A rainbow of Telecasters.

In the broadest strokes, I guess the Tele is the 1950 Mercury of guitars; a bit boxy, but still far more elegant than any of its predecessors and most of its original peers. Neither the guitar nor the car project a sense of speed or style; for several years, the Tele [or the Broadcaster, as it was originally called before a trademark claim from Gretsch compelled them to change it] was the sleekest option available to musicians who were interested in playing electric guitar, the overwhelming majority of whom played jazz or swing. Compared to an archtop acoustic with a pickup, like Gibson’s ES-150 [the famous Charlie Christian model], the Tele was borderline science fiction — A body that’s less than half the thickness of the shallowest hollowbody! TWO pickups! Electronics that take you from a dark, mellow tone for comping chords to a bright, cutting lead sound for a solo with just one flick of a switch! Historically unparalleled access to the guitar’s upper register! You can adjust EVERYTHING, from the neck’s straightness to the pickup height to the intonation of two pairs of strings [instead of a bridge that only allowed you to do all six strings at once unless you had a luthier who could shape the bridge like an elephant passing through the eye of a needle]! The austere elegance remains the deepest root of the Telecaster’s appeal on the rack.

A brunette with a blonde American Standard Stratocaster.

The Strat, on the other hand, is the ’57 Chevy of guitars; even sleeker, more stylish and yet comfier than its peers — the “Comfort Contour Body’s” torso-accommodating upper back and playing-arm contours have certainly aged far better than car tail fins. Its “synchronized tremolo” was an incredible leap forward in design, combining the electric guitar’s bridge and vibrato tailpiece for the first time. [Interestingly enough, when Fender added a vibrato option to the Tele, they chose to license the earlier Bigsby design rather than use their own Strat whammy.]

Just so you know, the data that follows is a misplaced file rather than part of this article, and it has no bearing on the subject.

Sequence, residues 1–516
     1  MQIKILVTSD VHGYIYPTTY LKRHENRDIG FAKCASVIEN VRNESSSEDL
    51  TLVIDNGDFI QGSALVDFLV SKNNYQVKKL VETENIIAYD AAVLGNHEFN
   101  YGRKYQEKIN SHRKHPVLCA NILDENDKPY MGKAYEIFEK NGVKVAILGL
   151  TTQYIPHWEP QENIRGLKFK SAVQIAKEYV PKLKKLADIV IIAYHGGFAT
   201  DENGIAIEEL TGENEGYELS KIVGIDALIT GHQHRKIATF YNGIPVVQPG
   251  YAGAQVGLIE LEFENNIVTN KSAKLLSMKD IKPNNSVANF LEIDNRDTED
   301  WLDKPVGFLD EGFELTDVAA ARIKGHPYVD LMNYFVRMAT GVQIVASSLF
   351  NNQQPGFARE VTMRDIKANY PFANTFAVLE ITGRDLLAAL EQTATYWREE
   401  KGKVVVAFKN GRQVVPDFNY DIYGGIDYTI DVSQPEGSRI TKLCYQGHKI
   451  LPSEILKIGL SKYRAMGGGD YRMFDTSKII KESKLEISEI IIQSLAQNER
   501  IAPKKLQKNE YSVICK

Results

Using a switching system that offers all possible combinations of the stock Strat’s three pickups is still a concept the company hasn’t fully exploited; it only begrudgingly changed from a three-way switch [front/middle/back] to a five-way — which accommodated the neck-middle and middle-back “out of phase” [actually it’s in phase/parallel, electronically speaking, but the actual sound is closer to what you would imagine “out of phase” sounds like] tones that have always been hugely popular with players, who used to jam matchsticks into the switches to get the blade to stop in the sweet spot between the poles to activate both pickups instead of just one — a mere 23 years after the instrument’s debut, and it still requires some clever rewiring to access the surprisingly tasty sounding neck/bridge and all-three-pickups tones.